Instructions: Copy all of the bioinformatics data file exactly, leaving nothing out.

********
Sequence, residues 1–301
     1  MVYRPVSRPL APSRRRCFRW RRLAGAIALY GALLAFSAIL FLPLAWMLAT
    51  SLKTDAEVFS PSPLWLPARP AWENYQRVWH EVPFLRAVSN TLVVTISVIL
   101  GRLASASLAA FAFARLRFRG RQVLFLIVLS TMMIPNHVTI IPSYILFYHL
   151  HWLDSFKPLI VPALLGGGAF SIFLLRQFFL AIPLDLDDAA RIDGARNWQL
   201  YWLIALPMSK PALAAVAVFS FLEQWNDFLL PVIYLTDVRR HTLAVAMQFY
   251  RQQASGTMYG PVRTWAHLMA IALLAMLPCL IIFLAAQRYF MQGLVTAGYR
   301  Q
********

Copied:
Sequence, residues 1–301
     1  MVYRPVSRPL APSRRRCFRW RRLAGAIALY GALLAFSAIL FLPLAWMLAT
    51  SLKTDAEVFS PSPLWLPARP AWENYQRVWH EVPFLRAVSN TLVVTISVIL
   101  GRLASASLAA FAFARLRFRG RQVLFLIVLS TMMIPNHVTI IPSYILFYHL
   151  HWLDSFKPLI VPALLGGGAF SIFLLRQFFL AIPLDLDDAA RIDGARNWQL
   201  YWLIALPMSK PALAAVAVFS FLEQWNDFLL PVIYLTDVRR HTLAVAMQFY
   251  RQQASGTMYG PVRTWAHLMA IALLAMLPCL IIFLAAQRYF MQGLVTAGYR
   301  Q